“Beyond AI” – FARO Collection / Alfredo Jaar, Ryan Gander, JODI
August 14 - September 5, 2021
Collaboration: SCAI THE BATHHOUSE, TARO NASU, Takuro Someya Contemporary Art, Upstream Gallery
Maki Fine Arts is pleased to present Beyond AI – FARO Collection, a three-artist show by Alfredo Jaar, Ryan Gander, and JODI, starting Saturday, August 14, through Sunday, September 5, 2021.
Toward a different relationship with the internet–Writing on the Beyond AI exhibition
By Shinya Sugawara (art critic / theory)
In the mid-1970s before the current-day AI existed, there was an arcade game called Bird Game in which a patron could play a game of Tic-Tac-Toe with a chicken. Of course, the chicken wasn’t the one actually playing the game. It was conditioned to peck on the lit-up buttons that were connected to the computer program which determined the appropriate move. JODI’s “OXO” is inspired by the Bird Game and includes four types of players: chickens, humans, computers, and AI. The title “OXO” comes from what is known as the world’s first computer game, OXO, created by Alexander S. Douglas in 1952. The news of the Alpha Go computer program developed by Google DeepMind beating Lee Se-dol, a world champion Go player, is still fresh in our mind, and the significance of the event is no doubt reflected in JODI’s 2018 work. JODI’s work, however, is completely unlike the distant world of champion-Go-player-vs.-enigmatic-AI. JODI’s “OXO” is an interactive work that allows visitors to play a game of Tic-Tac-Toe against four types of players. Through this simple game familiar to everyone, visitors are able to experience and gain close understanding of the history of computers and games.
Ryan Gander’s “On slow Obliteration, or Illusion of explanatory depth” is comprised of a black, box-like device and the text displayed adjacent to the device. The text includes the artist’s critical view on the objective of smart phones and social media–encouraging users to waste time–and how that wasted time is linked to monetary gain. Websites and social media sites are designed to guide the user’s line of sight to follow in a certain way in order to persuade seeing particular images and videos or to click a certain link. The goal of these sites is to make people spend time on the sites and to generate profit. In contrast, Gander’s work presents an alternative to the concept of devices and optical sensation, contrasting the way we tend to stare at a single point or to follow the guided visual path when viewing websites and social media sites. In other words, while Gander’s work appears similar to the dots found on smart phone LCD screens, it is created using a simple, analog system comprised of black and gold flip dots. In order for the viewer to be ready for the relatively random flipping motion, it becomes necessary to look at the entirety of the work, absent-mindedly and without clear purpose.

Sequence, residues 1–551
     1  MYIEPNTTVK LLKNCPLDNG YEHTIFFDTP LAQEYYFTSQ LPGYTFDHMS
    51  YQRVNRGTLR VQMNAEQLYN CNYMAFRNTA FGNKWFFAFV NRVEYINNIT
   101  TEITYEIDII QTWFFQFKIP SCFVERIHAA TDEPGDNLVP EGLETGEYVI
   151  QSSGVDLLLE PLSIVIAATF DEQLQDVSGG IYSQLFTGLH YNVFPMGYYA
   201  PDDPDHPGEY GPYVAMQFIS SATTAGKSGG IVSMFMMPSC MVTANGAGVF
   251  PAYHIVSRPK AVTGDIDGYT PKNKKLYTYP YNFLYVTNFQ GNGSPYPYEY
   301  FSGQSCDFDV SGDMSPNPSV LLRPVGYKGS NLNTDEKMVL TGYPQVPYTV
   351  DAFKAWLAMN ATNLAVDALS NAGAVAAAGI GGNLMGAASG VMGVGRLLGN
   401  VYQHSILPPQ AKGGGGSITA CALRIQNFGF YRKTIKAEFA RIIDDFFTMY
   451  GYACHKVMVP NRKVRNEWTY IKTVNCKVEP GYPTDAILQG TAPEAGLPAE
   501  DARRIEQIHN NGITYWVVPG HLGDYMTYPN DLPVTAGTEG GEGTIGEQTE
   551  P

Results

For the Beyond AI show, Alfredo Jaar’s “You Do Not Take a Photograph, You Make It” is only one piece, a framed poster. Originally, however, his work was accompanied by a lightbox and take-home posters. The phrase used for the work title came from photographer Ansel Adams. Decades after he uttered those words, the environment surrounding pictures and images have drastically changed. When read today, the meaning of the same phrase can be interpreted completely differently. In this day and age, practically anyone can easily manipulate photos and even create a completely fake image using computer programs or AI. By taking an Ansel Adam phrase and using it on a take-home poster, Jaar asks us to pay attention to the current state of photos and images as well as the changes taking place in the field, urging responsibility for those creating images.
None of the three works in Beyond AI necessarily rejects the significance or existence of the internet or AI. Rather, the works question our relationships toward them and encourage us to build a different connection through various methods. Whether or not we embrace these methods and how we do it is up to our behavior after leaving the exhibition.
Alex Dodge “Remote Working”
Date : August 14 – September 5, 2021
Venue : FARO Kagurazaka
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